Understanding AWS Lambda Proactive Initialization | Datadog

Understanding AWS Lambda proactive initialization

Author AJ Stuyvenberg

Published: July 20, 2023

AJ Stuyvenberg is a Staff Engineer at Datadog and an AWS Serverless Hero. A version of this post was originally published on his blog.

In AWS Lambda, a cold start occurs when a function is invoked and an idle, initialized sandbox is not ready to receive the request. Features like Provisioned Concurrency and SnapStart are designed to reduce cold starts by pre-initializing execution environments. But did you know that AWS may warm your Lambda functions to reduce the impact and frequency of cold starts, even if you’re not using features like Provisioned Concurrency?

This is known as proactive initialization of Lambda functions—but until recently, it hadn’t been documented anywhere. In this post, I’ll share the backstory of how I worked with the AWS Lambda service team to document this little-known feature. We’ll also explore how proactive initialization works, how it differs from a cold start, and how frequently it occurs. But first, I’ll share a quick summary of this post.


  • AWS Lambda occasionally pre-initializes execution environments to reduce the number of cold start invocations.
  • This does NOT mean you’ll never have a cold start.
  • The percentage of true cold start initializations to proactive initializations varies depending on many factors, but you can clearly observe it.
  • Depending on your workload and latency tolerance, you may need Provisioned Concurrency.

Proactive initialization, as defined in the docs

In March 2023, AWS updated the Lambda documentation to include an interesting new detail:

“For functions using unreserved (on-demand) concurrency, Lambda may proactively initialize a function instance, even if there’s no invocation. When this happens, you can observe an unexpected time gap between your function’s initialization and invocation phases. This gap can appear similar to what you would observe when using provisioned concurrency.”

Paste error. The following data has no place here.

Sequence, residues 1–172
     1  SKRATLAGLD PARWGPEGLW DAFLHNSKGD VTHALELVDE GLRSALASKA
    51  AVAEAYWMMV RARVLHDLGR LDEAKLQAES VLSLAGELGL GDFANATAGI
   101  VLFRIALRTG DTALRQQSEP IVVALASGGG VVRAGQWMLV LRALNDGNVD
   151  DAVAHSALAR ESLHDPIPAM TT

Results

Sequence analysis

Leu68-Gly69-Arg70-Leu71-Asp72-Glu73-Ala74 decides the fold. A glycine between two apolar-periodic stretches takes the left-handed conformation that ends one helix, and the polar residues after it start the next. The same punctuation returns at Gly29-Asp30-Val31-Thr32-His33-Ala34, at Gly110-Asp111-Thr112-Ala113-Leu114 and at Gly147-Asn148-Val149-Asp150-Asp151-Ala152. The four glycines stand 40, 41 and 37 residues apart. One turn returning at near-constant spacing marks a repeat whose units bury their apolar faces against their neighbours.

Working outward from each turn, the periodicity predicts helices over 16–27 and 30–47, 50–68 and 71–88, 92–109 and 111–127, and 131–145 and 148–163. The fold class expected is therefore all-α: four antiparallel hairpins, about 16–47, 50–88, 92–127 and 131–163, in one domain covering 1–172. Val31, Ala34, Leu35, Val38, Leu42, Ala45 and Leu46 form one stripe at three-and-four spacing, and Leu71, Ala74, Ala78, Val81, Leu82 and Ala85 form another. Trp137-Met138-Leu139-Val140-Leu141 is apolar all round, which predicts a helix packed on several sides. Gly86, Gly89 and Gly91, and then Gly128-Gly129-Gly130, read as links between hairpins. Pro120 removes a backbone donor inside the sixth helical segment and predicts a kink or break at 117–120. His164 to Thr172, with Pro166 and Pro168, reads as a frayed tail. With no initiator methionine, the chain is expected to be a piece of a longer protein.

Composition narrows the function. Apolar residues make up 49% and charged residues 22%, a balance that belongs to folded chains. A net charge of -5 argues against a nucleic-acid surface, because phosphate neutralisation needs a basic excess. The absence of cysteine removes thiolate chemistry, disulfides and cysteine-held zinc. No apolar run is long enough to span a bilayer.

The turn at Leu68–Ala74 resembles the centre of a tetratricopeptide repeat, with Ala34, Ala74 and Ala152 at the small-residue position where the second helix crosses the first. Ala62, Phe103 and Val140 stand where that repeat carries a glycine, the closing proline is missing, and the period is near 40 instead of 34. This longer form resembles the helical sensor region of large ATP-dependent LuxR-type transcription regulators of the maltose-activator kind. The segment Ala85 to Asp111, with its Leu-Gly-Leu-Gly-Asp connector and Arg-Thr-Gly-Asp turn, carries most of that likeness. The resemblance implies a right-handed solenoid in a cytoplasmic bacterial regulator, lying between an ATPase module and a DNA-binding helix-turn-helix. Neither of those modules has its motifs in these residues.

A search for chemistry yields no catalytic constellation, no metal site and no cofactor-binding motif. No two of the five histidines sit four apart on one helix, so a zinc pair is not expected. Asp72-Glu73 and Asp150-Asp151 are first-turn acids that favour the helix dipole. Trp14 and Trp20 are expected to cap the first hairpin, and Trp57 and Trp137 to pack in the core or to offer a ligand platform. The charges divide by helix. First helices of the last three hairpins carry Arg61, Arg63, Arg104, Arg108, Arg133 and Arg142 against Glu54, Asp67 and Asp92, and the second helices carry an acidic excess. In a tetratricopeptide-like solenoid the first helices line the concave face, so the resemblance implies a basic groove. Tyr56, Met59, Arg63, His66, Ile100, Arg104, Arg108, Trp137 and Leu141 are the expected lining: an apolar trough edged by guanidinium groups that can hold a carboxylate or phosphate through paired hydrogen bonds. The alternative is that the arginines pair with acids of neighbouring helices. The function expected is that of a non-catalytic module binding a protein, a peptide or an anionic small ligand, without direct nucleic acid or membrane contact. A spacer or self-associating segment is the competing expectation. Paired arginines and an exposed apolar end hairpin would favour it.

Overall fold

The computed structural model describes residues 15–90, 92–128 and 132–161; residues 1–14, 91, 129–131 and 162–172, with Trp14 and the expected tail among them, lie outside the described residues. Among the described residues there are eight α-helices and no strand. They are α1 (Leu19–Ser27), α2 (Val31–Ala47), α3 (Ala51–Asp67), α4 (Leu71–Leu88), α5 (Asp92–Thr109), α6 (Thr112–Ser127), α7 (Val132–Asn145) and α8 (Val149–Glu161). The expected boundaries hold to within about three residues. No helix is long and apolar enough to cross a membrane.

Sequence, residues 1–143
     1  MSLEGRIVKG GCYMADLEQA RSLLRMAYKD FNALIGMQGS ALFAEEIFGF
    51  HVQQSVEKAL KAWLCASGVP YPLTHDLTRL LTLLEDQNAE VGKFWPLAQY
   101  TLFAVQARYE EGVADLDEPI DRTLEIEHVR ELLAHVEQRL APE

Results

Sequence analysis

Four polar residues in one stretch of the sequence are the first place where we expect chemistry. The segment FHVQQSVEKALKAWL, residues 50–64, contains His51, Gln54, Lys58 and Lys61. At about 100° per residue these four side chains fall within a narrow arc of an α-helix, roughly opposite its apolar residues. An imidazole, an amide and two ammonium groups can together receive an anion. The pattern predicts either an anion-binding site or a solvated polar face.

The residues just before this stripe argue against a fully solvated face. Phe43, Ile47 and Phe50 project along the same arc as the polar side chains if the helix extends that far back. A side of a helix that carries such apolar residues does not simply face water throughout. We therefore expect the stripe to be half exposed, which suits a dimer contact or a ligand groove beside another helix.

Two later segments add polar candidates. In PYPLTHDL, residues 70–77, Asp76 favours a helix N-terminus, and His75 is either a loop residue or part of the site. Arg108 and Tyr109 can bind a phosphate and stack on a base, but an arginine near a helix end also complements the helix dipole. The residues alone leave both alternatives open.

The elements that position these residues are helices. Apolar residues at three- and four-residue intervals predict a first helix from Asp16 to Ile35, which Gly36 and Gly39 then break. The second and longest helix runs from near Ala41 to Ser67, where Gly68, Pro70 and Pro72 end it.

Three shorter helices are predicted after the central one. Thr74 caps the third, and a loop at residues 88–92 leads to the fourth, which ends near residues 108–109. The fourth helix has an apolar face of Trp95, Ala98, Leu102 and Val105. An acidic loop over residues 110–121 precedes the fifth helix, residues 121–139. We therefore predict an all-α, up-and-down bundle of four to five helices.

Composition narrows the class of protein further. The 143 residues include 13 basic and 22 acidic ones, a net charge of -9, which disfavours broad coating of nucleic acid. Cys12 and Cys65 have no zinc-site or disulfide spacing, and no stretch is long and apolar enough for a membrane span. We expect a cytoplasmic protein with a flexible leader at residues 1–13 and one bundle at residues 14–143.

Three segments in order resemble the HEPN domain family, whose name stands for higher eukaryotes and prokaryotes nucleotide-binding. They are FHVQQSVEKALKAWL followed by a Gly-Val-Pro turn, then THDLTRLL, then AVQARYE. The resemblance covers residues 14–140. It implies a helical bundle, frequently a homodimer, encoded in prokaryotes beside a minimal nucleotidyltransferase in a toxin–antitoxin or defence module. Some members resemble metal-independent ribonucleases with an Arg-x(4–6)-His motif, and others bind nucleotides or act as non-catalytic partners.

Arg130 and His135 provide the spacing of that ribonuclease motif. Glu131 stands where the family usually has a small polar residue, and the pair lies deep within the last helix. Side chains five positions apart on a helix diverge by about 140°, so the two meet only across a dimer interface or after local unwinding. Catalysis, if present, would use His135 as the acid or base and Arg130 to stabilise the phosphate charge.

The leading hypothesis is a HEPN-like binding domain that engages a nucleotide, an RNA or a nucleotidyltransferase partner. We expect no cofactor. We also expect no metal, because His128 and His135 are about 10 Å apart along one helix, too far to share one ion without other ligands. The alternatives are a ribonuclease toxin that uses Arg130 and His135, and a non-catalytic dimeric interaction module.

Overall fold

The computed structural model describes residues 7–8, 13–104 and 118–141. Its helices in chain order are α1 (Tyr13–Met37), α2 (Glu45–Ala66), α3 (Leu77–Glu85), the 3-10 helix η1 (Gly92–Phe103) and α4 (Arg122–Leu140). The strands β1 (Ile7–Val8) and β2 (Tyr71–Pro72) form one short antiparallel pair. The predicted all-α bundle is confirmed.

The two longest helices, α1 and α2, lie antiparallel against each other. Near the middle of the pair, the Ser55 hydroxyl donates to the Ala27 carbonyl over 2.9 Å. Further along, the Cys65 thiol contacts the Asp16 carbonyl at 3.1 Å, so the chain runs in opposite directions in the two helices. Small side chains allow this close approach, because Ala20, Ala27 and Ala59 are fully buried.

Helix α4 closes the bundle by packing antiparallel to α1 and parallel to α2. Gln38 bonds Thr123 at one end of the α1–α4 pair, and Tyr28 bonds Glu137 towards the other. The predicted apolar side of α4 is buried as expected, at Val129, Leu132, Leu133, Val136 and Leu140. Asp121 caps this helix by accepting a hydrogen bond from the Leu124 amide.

This excerpt is buried in the docs, and it indicates something not widely known about AWS Lambda: AWS may warm your functions to reduce the impact and frequency of cold starts, even when you’re using on-demand concurrency.

Last week, they clarified this with further details:

“For functions using unreserved (on-demand) concurrency, Lambda occasionally pre-initializes execution environments to reduce the number of cold start invocations. For example, Lambda might initialize a new execution environment to replace an execution environment that is about to be shut down. If a pre-initialized execution environment becomes available while Lambda is initializing a new execution environment to process an invocation, Lambda can use the pre-initialized execution environment.”

This update is no accident—I spent several months working closely with the AWS Lambda service team to make it happen.

The rest of this post will walk through everything you need to know about this feature—and how I learned about it in the first place.

Tracing proactive initialization

This adventure began when I noticed what appeared to be a bug in a distributed trace. The trace correctly measured the Lambda initialization phase, but it appeared to show the first invocation occurring several minutes after initialization. This can happen with SnapStart or Provisioned Concurrency, but this function wasn’t using either of these capabilities and was otherwise entirely unremarkable.